Now, I say "religious identity". This is important. Though there are certainly a handful of people who describe their religion as simply "pagan" or "paganism", there is no single, positively-defined religion called "paganism". The word "pagan" is generally assumed to be a collection of religions, generally of European or Mediterranean (including the Near and Middle east and Northern Africa, specifically countried along the coast of the Mediterranean Sea) origin, that either a) pre-date Christianity, b) attempt to reconstruct or revive said, or c) are newer religions that are at least somewhat influenced or inspired by said (like Wicca or Feri). Prior Christianity, none of the local religions of Europe and the Mediterranean called themselves "pagan"; indeed, one's religion was usually just a part of the local lifestyle and was, at most, simply the way of worshipping the local gods --the ancient Greek dialects don't even have a word for "religion", the closest being "ta hiera", which is often translated as "the sacred" or "sacred things". "Pagan" is a thoroughly modern religious identity; similarly, "gay" is a thoroughly modern sexual identity, as in ancient times, most cultures didn't compartmentalise human sexuality with terms like "heterosexual, bisexual, and homosexual" and sexuality certainly had less to do with the gender ofthe person one was attracted to than it had to do with the activities one engaged their sexual partners with. These identities certainly exist, but they lose all meaning outside a modern context, and even within that context, are subject to change in their subtlety of meaning due to many factors, including time, location, implications by the speaker, and inference of the listener.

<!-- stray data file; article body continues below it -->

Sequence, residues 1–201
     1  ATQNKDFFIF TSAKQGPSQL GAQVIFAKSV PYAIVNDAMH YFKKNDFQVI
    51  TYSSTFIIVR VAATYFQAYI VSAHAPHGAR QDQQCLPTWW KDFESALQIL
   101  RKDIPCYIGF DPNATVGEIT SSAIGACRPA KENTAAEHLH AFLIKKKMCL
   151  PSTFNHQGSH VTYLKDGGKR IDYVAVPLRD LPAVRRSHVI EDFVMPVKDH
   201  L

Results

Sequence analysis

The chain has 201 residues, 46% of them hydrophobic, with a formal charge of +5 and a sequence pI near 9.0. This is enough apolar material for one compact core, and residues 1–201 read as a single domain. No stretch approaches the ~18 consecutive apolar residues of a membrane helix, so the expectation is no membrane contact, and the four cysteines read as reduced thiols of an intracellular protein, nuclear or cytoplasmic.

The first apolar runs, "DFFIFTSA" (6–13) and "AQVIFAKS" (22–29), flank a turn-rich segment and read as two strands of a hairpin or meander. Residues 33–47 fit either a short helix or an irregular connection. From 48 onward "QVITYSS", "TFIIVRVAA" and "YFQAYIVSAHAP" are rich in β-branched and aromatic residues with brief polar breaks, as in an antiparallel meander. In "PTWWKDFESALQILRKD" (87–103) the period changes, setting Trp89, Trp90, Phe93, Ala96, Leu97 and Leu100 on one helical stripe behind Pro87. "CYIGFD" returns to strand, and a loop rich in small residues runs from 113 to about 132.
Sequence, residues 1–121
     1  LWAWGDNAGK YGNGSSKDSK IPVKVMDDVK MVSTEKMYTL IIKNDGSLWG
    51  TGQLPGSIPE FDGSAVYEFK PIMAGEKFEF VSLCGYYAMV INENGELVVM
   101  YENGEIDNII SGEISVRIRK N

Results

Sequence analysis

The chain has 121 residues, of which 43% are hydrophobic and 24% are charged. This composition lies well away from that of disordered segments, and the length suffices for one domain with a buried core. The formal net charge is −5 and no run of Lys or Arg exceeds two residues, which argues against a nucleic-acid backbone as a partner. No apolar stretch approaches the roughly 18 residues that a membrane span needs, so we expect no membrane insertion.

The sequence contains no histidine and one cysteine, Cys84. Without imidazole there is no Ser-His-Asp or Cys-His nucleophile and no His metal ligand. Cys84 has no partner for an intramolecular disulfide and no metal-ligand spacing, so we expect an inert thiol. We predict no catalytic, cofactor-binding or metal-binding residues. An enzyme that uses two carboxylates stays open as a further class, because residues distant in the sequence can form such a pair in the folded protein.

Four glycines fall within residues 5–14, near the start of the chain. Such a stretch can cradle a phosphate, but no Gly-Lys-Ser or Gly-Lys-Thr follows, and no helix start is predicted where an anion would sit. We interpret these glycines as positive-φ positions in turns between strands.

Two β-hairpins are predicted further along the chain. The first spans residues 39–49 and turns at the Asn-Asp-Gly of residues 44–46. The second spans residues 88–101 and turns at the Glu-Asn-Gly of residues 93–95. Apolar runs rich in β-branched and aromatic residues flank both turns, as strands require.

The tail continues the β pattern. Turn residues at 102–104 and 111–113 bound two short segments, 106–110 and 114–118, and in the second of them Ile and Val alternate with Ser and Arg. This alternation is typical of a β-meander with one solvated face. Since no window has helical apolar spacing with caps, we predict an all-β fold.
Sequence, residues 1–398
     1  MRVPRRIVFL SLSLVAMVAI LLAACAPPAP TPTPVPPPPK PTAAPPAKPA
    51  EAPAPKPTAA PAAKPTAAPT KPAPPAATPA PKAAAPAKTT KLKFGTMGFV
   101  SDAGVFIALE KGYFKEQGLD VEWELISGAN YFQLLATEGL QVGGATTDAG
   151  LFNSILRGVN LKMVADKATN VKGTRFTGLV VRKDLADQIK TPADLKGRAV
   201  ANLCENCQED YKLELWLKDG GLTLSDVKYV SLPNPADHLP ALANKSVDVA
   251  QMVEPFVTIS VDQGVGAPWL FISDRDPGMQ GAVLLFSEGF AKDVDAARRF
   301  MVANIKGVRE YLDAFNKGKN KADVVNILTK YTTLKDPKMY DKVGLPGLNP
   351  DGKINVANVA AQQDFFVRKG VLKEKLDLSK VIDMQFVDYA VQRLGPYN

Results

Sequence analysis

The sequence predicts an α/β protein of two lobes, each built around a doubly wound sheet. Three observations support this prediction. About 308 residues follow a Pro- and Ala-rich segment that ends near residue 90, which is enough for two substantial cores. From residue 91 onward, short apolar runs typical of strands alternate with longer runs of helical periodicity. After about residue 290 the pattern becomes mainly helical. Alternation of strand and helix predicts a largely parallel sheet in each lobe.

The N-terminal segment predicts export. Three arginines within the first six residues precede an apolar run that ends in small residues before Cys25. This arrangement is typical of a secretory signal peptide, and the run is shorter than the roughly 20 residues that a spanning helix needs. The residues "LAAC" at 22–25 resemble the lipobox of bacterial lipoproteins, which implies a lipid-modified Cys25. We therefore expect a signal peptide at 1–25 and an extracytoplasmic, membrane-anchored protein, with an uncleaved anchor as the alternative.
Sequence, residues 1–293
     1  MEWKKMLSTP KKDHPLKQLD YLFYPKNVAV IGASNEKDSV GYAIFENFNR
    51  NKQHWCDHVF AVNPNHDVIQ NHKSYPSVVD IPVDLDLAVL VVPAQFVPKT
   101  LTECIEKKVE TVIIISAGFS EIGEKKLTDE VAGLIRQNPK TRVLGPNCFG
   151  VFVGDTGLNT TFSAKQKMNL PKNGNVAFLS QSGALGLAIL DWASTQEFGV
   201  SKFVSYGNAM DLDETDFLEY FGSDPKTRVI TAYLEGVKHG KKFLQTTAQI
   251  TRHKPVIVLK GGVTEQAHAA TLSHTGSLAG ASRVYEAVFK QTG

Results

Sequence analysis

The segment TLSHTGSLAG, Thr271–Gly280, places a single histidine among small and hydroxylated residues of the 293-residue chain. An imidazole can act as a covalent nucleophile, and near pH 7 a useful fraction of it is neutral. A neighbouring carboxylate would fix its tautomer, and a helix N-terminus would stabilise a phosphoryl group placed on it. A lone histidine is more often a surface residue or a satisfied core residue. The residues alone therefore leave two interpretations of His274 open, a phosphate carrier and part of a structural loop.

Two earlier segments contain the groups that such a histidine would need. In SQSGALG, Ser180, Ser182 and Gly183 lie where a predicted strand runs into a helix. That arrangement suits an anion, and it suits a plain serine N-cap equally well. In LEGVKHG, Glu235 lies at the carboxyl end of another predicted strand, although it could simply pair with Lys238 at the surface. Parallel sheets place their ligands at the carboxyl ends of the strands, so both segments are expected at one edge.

The Roman word "paganus", often translated as "of the countryside", was often a colloquialism roughly equivalent to the modern American English "hillbilly", with connotations of being "backwards" and ignorant. When early Roman Christianity adopted a militaristic means of enforcement, the "paganus", not necessarily of the countryside any-more, were those who held to the old ways. (Exactly how long those "old ways" were held to is still debated in some circles, but contrary to what some academic pagans may believe, the witch cult hypothesis hasn't been completely discredited.)